Where space is not a concern and the need for lifting speed and power were required, Maxim Crane selected the hammerhead crane design. Providing a jib length reaching up to 262.5 ft (80 m), Terex hammerhead cranes are designed specifically for heavy lifting and placement duties on challenging jobsites like City Centre. “Our SK series includes cranes with maximum lift capacities ranging from 22 to 35.3 tons (20 to 32 tonnes),” mentions Van Coppenolle. Hyden adds, “We selected the hammerhead models for speed and capacity, and our customers and operators alike appreciate the speed and reliability of all the Terex tower cranes in use on the project.”

With the project positioned near the Atlantic Ocean coastline and constructed over 3.5-year period, Americaribe/Moriarty JV and Maxim Crane leaders had to account for and establish safety procedures in case of hurricanes making landfall. “Terex provided application engineering assistance to help develop climb sequences, tie-off points and initial freestanding configurations suitable to this job to meet hurricane wind-load ratings,” mentions Hyden.

Terex transfer masts help Maxim Crane meet the stringent wind-load ratings and gain more flexibility with regard to the initial freestanding crane configurations. The transfer mast also allowed crews to more efficiently use tower crane segments between the different tower designs. “The transfer masts allow any tower crane segment to be used with the hammerhead, flat top or luffing jib crane design, regardless of what model the segment was built for,” explains Van Coppenolle. “Crews can mix standard upper segments with heavy duty lower segments to deliver a maximum freestanding crane height of 140 ft (42.7 m), while still meeting Florida’s 146 mph (235 km/hr) wind-load standard.”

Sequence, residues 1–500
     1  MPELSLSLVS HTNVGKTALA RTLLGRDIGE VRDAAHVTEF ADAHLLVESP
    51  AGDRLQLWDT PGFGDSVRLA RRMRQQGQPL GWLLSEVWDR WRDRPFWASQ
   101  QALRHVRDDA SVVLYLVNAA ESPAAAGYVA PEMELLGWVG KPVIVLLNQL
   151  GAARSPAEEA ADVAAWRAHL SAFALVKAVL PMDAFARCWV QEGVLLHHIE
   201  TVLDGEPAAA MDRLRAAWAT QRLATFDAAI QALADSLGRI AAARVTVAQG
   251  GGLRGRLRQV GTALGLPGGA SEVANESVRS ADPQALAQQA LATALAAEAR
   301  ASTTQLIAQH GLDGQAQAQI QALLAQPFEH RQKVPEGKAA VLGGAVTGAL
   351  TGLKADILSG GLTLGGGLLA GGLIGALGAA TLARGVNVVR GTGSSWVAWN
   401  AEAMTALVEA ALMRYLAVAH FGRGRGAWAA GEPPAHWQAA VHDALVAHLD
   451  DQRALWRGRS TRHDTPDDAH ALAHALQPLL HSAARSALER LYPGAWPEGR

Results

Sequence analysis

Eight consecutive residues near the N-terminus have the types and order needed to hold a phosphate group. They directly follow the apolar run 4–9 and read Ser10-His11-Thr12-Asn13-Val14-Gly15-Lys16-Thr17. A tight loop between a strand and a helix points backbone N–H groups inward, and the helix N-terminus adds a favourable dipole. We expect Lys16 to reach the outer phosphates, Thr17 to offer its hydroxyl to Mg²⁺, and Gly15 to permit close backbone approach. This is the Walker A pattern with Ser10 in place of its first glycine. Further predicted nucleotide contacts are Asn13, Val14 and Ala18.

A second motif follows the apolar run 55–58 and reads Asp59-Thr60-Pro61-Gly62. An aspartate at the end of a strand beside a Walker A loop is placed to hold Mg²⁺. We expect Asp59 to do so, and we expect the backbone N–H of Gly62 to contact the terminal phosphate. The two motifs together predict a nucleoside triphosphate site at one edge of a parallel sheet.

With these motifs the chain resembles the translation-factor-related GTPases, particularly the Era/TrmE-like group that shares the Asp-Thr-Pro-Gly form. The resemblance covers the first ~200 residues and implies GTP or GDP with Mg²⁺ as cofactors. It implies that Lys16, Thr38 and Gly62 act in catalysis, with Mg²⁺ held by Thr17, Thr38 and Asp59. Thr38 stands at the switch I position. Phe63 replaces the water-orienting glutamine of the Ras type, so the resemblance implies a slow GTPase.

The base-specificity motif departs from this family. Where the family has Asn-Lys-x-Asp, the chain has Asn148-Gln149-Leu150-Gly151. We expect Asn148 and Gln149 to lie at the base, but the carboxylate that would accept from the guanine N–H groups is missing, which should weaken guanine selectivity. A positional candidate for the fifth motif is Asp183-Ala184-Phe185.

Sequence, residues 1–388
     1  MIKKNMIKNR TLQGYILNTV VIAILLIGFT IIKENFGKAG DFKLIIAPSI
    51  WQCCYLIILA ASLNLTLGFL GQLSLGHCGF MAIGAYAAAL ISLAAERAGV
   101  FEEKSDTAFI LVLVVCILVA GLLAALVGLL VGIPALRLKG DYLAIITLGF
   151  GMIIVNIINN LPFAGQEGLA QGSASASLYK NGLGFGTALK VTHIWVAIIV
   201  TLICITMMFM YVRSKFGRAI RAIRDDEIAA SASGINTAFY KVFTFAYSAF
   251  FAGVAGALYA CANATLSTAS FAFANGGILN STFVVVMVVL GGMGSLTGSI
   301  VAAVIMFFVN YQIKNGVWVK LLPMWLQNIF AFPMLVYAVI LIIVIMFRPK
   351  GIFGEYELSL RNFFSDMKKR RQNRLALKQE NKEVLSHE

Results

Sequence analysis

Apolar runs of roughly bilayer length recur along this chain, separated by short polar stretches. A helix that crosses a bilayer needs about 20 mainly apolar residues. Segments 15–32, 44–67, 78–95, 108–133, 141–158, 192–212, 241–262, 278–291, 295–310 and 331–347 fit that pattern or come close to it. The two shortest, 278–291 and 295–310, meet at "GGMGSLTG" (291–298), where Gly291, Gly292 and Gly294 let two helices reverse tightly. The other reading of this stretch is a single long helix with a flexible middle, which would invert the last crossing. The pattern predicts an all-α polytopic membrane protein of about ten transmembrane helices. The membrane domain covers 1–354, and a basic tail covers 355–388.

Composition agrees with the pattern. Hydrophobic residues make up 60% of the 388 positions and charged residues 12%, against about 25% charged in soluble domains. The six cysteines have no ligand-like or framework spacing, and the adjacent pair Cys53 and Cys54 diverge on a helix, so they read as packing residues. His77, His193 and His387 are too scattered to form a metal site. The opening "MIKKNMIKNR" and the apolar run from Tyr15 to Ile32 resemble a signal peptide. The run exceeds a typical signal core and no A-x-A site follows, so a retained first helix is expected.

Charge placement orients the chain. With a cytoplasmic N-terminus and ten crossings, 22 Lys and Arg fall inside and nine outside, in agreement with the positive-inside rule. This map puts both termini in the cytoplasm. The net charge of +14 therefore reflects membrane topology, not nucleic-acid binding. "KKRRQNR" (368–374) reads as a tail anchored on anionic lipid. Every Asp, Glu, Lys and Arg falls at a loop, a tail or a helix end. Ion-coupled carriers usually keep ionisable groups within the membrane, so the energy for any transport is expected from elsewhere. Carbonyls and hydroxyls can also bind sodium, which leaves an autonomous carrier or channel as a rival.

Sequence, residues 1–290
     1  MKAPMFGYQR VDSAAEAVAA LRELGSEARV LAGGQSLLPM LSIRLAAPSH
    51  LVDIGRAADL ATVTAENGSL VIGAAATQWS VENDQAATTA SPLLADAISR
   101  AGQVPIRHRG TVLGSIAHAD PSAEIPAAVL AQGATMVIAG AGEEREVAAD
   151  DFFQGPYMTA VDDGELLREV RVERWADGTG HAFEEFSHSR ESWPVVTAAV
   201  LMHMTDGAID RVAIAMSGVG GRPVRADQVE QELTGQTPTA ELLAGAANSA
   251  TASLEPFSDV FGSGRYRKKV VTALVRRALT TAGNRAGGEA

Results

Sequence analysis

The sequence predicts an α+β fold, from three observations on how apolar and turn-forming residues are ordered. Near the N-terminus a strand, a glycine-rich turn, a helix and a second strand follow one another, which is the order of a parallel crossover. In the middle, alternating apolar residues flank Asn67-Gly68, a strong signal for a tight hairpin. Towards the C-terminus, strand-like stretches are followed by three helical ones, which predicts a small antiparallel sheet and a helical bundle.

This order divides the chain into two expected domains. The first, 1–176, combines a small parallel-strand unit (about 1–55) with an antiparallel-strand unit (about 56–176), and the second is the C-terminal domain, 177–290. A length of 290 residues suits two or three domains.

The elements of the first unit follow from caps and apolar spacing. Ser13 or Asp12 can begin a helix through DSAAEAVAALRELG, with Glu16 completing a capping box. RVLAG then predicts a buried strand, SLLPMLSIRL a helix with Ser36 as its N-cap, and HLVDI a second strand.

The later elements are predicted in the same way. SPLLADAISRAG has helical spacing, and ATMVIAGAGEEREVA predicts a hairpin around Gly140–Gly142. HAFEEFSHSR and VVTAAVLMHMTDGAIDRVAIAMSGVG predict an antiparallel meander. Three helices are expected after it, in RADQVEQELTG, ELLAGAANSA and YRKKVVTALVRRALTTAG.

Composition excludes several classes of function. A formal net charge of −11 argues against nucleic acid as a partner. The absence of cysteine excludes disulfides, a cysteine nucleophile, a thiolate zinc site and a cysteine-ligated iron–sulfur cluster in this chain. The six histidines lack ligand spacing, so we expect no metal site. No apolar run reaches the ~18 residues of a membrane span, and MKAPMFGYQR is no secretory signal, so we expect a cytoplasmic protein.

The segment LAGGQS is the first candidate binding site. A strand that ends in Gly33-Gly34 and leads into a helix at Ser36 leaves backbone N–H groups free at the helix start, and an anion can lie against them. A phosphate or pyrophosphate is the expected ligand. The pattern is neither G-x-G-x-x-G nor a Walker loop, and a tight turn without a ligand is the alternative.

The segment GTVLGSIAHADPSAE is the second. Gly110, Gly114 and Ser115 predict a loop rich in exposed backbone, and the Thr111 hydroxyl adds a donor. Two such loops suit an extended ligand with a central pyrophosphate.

More than two-thirds of the way through City Centre’s construction cycle, Maxim Crane’s crew and 11 tower cranes are efficiently helping to construct the site’s structures. “The cranes will be on site for 16 to 24 months per crane,” says Fioravanti. “They are working, and we are not hearing anything back from the job site. No news is good news once the cranes are put to work.”